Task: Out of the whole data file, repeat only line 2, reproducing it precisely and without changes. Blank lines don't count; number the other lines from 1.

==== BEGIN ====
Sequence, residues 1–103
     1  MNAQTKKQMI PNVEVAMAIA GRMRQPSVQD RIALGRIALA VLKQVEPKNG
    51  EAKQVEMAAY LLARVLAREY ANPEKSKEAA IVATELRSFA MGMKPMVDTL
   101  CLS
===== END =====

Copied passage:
     1  MNAQTKKQMI PNVEVAMAIA GRMRQPSVQD RIALGRIALA VLKQVEPKNG